Researchers find way to block drug cravings

It was announced in the November 25th issue of the journal Science that a team of researchers at the University of B.C. has found a way to block the communication between brain cells that triggers drug cravings, a finding that could lead to new therapies to treat addiction and relapse as well as behaviours associated with schizophrenia. Senior UBC investigators Dr. Anthony Phillips and Dr. Yu Tian Wang have created a peptide -- protein fragment -- that in animal models can block specific chemical messengers that remember the body's response to stimulant drugs, such as amphetamines. According to the research, Read More...
Posted by szadmin at 07:11 PM | Comments (0)

Dr. Phil on Schizophrenia

We didn't see the Dr. Phil program on Schizophrenia on Wednesday, Nov. 23rd - but the commentary in our discussion areas has been mixed. Many people thought it was a valuable educational show for schizophrenia and well received by many people who have schizophrenia and their family members. Other commentary seems to be that Dr. Phil doesn't seem to have much experience with serious mental illnesses - and since its a TV program more interested in ratings (by emphasizing the more dramatic delusions or hallucinations that can sometimes be associated with schizophrenia) than in educating and helping people. So, overall, Read More...
Posted by szadmin at 06:50 PM | Comments (9)

November 22, 2005

Schizophrenia caused by lack of nerve cell insulation?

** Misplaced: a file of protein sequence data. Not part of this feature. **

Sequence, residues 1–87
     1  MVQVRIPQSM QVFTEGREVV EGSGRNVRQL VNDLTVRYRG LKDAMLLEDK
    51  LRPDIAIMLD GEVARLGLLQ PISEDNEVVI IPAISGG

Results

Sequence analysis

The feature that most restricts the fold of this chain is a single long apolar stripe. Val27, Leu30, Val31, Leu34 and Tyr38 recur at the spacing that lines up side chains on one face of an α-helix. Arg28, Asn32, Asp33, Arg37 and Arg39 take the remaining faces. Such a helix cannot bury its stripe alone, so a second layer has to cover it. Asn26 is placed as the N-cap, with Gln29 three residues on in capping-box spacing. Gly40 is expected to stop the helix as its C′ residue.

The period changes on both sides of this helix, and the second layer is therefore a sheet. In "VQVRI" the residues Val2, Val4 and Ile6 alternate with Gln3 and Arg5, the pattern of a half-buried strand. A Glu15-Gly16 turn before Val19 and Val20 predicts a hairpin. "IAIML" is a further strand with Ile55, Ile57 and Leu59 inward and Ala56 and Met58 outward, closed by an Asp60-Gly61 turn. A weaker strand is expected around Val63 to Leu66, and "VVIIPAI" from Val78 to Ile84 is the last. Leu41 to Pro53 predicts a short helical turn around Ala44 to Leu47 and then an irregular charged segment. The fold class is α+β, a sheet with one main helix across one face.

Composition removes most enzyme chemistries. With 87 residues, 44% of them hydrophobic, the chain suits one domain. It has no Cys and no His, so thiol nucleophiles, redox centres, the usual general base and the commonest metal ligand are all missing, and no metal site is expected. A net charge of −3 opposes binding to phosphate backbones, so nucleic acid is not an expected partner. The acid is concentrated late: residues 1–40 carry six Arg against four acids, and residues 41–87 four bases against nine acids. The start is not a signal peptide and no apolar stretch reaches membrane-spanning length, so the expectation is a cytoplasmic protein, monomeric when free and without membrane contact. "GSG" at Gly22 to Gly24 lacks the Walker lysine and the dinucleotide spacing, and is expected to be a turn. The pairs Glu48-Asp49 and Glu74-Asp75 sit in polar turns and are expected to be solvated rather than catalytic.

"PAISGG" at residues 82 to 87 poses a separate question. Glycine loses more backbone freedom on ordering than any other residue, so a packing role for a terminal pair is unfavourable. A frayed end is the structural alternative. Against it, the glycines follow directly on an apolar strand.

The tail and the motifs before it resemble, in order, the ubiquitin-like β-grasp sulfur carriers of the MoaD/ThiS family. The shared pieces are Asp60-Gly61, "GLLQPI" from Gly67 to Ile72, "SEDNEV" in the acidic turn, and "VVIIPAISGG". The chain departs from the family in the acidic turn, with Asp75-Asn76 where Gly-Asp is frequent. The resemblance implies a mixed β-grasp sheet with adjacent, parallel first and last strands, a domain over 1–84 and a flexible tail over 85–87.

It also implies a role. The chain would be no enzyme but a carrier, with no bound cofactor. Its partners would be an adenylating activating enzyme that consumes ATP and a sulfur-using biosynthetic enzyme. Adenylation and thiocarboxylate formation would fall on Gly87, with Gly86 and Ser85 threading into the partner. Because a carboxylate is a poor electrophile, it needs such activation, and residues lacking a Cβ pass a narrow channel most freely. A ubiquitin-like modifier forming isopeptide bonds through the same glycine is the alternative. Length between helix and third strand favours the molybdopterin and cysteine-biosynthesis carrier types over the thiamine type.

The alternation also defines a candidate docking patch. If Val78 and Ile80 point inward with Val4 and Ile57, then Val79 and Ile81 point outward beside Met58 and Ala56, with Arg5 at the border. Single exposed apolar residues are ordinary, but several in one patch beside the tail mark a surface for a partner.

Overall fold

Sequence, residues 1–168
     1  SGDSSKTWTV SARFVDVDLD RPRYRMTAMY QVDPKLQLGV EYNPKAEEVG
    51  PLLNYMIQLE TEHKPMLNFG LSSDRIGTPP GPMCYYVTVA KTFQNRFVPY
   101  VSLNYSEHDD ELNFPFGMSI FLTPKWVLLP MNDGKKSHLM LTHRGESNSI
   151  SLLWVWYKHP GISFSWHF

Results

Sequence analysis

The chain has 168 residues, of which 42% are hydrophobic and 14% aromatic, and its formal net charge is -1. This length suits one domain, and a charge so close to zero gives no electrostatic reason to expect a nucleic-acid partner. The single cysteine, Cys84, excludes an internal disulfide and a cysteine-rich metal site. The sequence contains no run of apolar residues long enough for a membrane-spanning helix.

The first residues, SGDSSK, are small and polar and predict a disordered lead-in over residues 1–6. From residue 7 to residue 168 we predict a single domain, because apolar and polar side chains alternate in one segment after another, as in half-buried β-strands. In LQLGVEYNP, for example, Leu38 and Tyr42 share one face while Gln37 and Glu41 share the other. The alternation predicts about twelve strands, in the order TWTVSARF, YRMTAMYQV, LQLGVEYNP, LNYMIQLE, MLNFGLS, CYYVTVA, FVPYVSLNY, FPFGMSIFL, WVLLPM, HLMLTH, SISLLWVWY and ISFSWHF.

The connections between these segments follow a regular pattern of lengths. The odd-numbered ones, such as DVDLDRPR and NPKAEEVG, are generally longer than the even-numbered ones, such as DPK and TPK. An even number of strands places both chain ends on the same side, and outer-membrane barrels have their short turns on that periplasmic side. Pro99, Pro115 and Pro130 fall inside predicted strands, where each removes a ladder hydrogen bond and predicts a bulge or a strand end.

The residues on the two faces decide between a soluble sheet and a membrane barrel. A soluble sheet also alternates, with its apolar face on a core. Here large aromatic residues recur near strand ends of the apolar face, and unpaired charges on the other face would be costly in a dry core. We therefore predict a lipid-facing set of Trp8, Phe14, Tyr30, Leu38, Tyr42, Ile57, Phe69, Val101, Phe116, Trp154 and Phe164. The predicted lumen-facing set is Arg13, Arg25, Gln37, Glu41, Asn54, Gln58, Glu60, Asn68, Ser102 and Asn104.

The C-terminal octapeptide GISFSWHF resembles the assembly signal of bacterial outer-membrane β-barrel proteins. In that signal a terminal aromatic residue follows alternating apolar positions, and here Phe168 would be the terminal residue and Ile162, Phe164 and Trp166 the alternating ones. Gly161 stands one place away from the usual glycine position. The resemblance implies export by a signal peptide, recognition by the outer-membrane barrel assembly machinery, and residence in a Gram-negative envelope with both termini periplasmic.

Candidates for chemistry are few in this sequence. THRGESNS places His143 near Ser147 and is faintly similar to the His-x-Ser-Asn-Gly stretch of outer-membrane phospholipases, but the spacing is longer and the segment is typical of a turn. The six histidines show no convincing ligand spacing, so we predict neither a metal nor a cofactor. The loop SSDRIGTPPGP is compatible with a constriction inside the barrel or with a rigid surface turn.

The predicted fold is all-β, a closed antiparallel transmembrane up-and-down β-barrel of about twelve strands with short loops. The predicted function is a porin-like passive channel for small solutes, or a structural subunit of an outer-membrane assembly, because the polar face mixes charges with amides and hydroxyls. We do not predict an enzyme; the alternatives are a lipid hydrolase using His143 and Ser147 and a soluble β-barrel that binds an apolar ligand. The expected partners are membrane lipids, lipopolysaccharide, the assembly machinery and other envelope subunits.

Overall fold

A new report out in the December issue of the Adolescent Psychiatry suggests that the abnormal development of the protective insulation that wraps around the wiring of the brain's nerve cells could result in a range of behavioral problems - including autism, attention deficit disorder and schizophrenia. The lead researcher, Dr. George Bartzokis and his colleagues at the University of California in Los Angeles have studied brain scans in living humans and autopsied brains to unravel the role of myelin, the insulation material. The thicker and heavier the wrapping, the faster and more effective nerve cells can communicate. In his Read More...
Posted by szadmin at 04:37 PM | Comments (10)

4 out of 5 People w/Schizophrenia Heavy Marijuana / Cannabis Users?

A new study out of the Australia revealed that Four out of five people that developed schizophrenia (in their study) have a history of using marijuana / cannabis. Steve Doughty, the social affairs correspondent for the Daily Mail, reports on a long-term research project from Australia that has revealed that four out of five with schizophrenia were regular cannabis smokers when they were teenagers. Between 75 and 80 per cent of patients involved were found to have used the drug habitually between the ages of 12 and 21. Dr Andrew Campbell of the NSW Mental Health Review Tribunal, who did Read More...
Posted by szadmin at 04:22 PM | Comments (16)

November 21, 2005

TV: Dr. Phil Covers Schizophrenia on Wednesday

Dr. Phil Covers Schizophrenia on his Wednesday, Nov. 23rd Show. A Schizophrenics Anonymous group member appears as guest. In an effort to dispel the myths and stigma surrounding schizophrenia, a member of Schizophrenics Anonymous will be one of the featured guests on the Dr. Phil show that is scheduled to air on Wednesday, Nov. 23. The entire show will focus on schizophrenia. The Dr. Phil tv program reaches an estimated 4.5 million viewers. WHAT: The Dr. Phil show is scheduled to air a program on schizophrenia featuring a member of Schizophrenics Anonymous. WHEN: Wednesday, Nov. 23, 2005 WHERE: Syndicated throughout Read More...
Posted by szadmin at 09:29 AM | Comments (25)

November 17, 2005

Another gene linked to Schizophrenia (PDE4B)